A Complete Guide to Growing Shishito Peppers

If you want to learn how to grow shishito peppers in pots, raised beds, or directly in the ground, this thorough growing guide has you covered from seed to harvest.

Close up of a shishito pepper outside in a raised garden bed.
Photo Credit: Envato Elements.

Mild and flavorful Japanese Shishito peppers have thin skin that soaks up flavors and cooks fast. They are very popular at restaurants, grocery stores, and the farmers market, but they tend to be on the expensive side.

They are also very easy to grow yourself and are a high-yielding pepper plant variety. These small peppers are a great addition to your garden.

Botanical Name: Capsicum annuum

Days to Maturity: 60–75 days from transplanting

Family: Solanaceae

Hardiness: Very frost-sensitive

Annual/Perennial: All peppers are technically perennials but they are mostly grown as annuals to avoid the process of overwintering (see below)

Plant Dimensions: 24″–36″ tall

When to Start Inside: 8 to 10 weeks before transplanting. The ideal soil temperature for germination is 70°–90° Fahrenheit (21°-32° Celsius). Transplant seedlings outside 2 to 4 weeks after your average last frost date, when daytime temperatures are at least 70° Fahrenheit and nighttime temperatures are at least 55°Fahrenheit (13° Celsius). 

In mild climates, it may be sown in late summer for a fall/winter crop.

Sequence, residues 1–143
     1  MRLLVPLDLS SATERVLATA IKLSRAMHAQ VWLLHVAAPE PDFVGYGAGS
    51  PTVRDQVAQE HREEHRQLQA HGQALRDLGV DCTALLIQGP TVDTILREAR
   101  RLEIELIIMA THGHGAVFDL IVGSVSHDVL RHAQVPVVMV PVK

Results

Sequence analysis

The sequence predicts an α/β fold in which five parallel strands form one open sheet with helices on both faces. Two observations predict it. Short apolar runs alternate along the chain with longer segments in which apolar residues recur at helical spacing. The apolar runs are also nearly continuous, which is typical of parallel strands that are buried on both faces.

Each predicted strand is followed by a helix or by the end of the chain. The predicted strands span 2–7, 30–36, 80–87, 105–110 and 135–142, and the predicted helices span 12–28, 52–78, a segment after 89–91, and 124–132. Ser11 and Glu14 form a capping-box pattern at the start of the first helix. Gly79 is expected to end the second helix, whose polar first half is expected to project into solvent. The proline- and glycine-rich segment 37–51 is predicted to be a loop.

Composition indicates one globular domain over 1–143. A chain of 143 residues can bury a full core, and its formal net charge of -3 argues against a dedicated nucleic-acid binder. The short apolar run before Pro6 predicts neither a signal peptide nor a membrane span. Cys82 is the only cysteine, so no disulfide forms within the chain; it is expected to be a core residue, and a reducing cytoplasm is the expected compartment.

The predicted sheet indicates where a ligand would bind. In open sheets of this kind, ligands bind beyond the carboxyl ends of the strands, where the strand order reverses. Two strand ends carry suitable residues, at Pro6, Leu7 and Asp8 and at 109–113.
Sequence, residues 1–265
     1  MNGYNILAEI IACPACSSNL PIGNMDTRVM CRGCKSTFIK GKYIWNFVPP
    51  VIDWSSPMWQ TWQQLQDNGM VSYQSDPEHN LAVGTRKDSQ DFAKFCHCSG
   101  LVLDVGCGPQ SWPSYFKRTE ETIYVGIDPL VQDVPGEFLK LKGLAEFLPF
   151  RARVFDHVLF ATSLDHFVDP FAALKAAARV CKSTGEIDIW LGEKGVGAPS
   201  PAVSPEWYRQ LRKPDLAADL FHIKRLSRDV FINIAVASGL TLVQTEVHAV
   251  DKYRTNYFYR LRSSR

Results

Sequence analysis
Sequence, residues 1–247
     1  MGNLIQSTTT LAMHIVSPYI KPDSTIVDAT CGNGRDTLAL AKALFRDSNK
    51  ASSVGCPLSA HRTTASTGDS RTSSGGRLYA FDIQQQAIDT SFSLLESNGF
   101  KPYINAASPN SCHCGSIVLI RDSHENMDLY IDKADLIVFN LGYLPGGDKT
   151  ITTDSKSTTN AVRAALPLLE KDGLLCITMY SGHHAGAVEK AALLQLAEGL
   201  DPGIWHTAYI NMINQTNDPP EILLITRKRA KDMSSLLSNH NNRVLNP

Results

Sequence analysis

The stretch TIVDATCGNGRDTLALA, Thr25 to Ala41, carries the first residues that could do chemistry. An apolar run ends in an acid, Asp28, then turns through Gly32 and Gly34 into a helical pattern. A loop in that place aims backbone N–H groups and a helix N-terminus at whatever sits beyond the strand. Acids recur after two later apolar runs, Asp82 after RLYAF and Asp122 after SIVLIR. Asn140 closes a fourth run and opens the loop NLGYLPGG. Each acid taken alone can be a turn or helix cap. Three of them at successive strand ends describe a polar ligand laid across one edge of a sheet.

Days to Emerge: 10–25 days

Seed Planting Depth: ¼”

Row Spacing: 24″–36″

Square Foot Gardeners: 1 plant per square foot

Harvesting: Generally harvested when still green, at 2″–4″ long, but can also be left on the plant to mature to red.

Soil Germination Temperature: Shishito (and all pepper) seeds germinate much faster if the soil is kept at 70°-90°Fahrenheit (21°-32° Celsius). At colder temperatures, they may fail to sprout or sprouting will take too long. The longer seeds take to sprout, the more susceptible they are to rot and fungus. Seedling heat mats are highly recommended in maintaining warm soil for peppers. Once germinated, peppers can be grown at air temperatures of 60°Fahrenheit (15° Celsius) at night and 70° Fahrenheit (21° during the day.)

A bowl of cooked green shishito peppers with blistered skins.
Blistered shishito peppers: cook quickly over medium-high heat in olive oil, sprinkle with plenty of sea salt and pepper, add some vinegar. Quick and easy appetizer or snack. Photo Credit: Envato Elements.

Starting Shishito Peppers From Seed

Start seeds 8 to 10 weeks before the last frost date. For the strongest, healthiest seedlings with the best germination rate, it is best to use both a heat matt and a grow light. All peppers need heat and a warm place to flourish, much light, and 6-8 hours of direct sunlight outdoors.

When is my last frost date?



How To Start Shishito Pepper Seeds

Start 8-10 weeks before last frost date and planting outside.

  • Add seed starting soil mix into your pots/cells/bags.
  • Mist soil so that it is moist but not soaking wet.
  • Plant Shishito pepper seeds at a depth of 1/4 of an inch.
  • If seeds are new, 1-2 seeds per pot will suffice. If seeds are old, plant 3-4 to be on the safe side.
  • Lightly rake over with soil, do not compact or pat down.
  • Place on seedling heat mat.
  • Cover with plastic dome or cling wrap until seedlings sprout and begin to emerge from the soil.
  • Once they emerge (at least half of all planted) remove the dome and keep the seedlings under light. Light is important or you will get leggy, weak plants that may not thrive. I have grow lights and racks for seed starting purposes.
  • The sprouts can be fertilized with a diluted liquid fertilizer when the leaves emerge.
  • Thin seedlings by selecting the strongest plants. The strongest plants will look stout and firm, they will not be leggy.